Imagining life after the death of your spouse is something no one wants to do!! It could be a reality, though! Unfortunately, the surviving spouse without a comprehensive estate plan or an estate planning attorney, will have to deal with all the surviving reality on his or her own.
Having an estate plan in place, rather than just a last will and testament, will help both you and your spouse prepare for the future. This is especially important if you have children. An estate plan can include trust agreements, healthcare directives, powers of attorneys, and other supporting legal documents. Each of these documents can help your children navigate the challenges they may face in the future. For your chosen guardian and children, it may be too much to successfully manage without clear guidance and instructions.
Let us share some of the key tips we give our clients when it comes to starting the conversation with your spouse about how best to accomplish your estate planning goals.
Tip 1. It is never too early to begin the discussion.
Starting early is the key to successful estate planning. It is important to think about your long-term planning goals and evaluate your unique circumstances. It may be helpful to begin by reviewing any pre-existing legal documents you and your spouse may have. Discuss whether you wish for all of your finances and assets to be left to your spouse and whether you would like to designate any other beneficiaries of your estate. This part of the conversation may be easier to have under the guidance of an estate planning attorney. He or she can ensure each of your documents are executed according to Florida law and may present additional planning options to you.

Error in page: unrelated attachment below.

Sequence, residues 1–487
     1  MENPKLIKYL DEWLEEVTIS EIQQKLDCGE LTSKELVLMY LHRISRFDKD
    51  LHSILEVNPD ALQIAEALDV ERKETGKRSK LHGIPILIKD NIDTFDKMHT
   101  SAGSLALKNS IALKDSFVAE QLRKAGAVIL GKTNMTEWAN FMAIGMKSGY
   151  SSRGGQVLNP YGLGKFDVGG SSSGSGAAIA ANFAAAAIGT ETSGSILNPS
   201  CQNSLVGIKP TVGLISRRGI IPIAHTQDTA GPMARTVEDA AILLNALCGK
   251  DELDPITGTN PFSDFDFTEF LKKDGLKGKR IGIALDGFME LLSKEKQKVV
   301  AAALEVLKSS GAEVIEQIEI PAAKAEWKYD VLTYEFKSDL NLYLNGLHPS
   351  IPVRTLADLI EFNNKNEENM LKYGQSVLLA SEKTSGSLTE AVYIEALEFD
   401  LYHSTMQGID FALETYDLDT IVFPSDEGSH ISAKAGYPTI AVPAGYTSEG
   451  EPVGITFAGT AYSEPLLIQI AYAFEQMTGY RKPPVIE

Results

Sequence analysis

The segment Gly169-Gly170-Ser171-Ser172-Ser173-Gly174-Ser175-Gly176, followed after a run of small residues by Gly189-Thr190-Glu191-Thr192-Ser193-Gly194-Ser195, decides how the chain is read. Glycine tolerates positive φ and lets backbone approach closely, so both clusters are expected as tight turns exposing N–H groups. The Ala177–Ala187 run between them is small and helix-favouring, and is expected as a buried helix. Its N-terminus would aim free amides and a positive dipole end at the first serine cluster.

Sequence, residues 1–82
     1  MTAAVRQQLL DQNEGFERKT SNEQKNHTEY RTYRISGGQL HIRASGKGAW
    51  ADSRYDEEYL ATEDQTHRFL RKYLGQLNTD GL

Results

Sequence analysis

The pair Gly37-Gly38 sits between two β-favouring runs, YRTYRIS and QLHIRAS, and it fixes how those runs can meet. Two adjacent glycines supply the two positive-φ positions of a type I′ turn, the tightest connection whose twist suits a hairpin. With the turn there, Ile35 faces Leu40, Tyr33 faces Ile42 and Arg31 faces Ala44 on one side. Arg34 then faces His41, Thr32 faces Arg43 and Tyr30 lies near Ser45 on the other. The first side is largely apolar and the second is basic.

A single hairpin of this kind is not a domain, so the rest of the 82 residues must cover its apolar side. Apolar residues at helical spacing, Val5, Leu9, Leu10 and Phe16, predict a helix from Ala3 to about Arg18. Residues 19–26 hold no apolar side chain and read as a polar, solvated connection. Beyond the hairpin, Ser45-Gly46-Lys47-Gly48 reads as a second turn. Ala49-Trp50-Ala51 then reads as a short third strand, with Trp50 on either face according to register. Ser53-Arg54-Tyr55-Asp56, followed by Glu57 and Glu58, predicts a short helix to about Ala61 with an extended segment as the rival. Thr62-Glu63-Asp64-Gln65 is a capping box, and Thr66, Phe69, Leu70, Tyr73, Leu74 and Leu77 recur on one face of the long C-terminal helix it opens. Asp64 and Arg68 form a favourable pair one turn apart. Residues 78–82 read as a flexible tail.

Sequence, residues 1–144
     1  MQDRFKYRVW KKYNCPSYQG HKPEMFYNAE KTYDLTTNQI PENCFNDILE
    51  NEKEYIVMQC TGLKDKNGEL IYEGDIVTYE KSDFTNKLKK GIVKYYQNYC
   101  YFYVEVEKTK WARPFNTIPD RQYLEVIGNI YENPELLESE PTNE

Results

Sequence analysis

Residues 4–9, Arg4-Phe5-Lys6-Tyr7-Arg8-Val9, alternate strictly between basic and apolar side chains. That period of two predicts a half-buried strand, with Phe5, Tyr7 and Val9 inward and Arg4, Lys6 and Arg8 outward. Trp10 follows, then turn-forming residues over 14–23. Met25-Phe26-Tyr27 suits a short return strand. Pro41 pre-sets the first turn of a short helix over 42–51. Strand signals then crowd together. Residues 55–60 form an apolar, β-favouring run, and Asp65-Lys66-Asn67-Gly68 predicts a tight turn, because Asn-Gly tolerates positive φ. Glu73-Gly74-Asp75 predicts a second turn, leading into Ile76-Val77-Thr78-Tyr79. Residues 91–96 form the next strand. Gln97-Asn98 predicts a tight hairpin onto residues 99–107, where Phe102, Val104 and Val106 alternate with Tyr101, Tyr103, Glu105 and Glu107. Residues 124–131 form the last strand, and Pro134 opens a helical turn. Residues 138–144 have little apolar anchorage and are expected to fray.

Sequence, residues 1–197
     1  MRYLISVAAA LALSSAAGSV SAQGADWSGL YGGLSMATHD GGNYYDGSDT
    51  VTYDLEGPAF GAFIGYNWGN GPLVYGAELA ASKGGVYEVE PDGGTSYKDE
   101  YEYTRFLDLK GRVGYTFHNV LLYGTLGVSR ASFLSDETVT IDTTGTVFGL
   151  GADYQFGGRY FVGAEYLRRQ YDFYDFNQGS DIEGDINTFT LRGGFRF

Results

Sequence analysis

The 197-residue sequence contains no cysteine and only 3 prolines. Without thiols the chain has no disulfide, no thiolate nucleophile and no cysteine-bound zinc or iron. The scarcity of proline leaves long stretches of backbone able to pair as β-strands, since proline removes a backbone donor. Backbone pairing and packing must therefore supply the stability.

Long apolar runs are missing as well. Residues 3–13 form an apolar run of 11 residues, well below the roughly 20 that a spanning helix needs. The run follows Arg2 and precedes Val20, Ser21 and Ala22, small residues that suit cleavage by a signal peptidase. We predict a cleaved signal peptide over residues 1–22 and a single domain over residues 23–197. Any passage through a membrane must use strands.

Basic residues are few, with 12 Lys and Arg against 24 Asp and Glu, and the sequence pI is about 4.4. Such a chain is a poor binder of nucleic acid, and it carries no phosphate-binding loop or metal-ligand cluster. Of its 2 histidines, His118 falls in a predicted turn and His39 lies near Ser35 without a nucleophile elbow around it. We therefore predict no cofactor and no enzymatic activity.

Tip 2. Listen to what your spouse is saying.
In reality, your spouse may have different planning goals and needs than you. Being open to discussing differing goals is crucial in having an effective conversation on estate planning. An estate planning attorney is a good resource to turn to for guidance, advice and support for spouses with differing estate planning ideas and goals. He or she will be able to offer planning options that encompass both yours, your spouse’s, and your children’s individual needs.
Tip 3. Don’t be afraid to ask the difficult questions.
As uncomfortable as the topic may be to approach, it is imperative that you discuss whether your spouse may wish to remarry at some point after your death, and vice versa. If so, it may be worthwhile to consider leaving aside some extra funds for your children’s health, maintenance, support, and education. If you do not already, it is also important to have access to all household accounts, including keeping a record of any passwords used. In the event your spouse dies and you do not have access to these accounts, it may be difficult for you to pay bills or obtain important information stored online.
Above all, remember this decision should be made between you and your spouse, and you should try to support each other through the process accordingly. We want you to know that we are here to answer questions and support you. Do not wait to schedule a meeting to get the estate planning help you and your family need!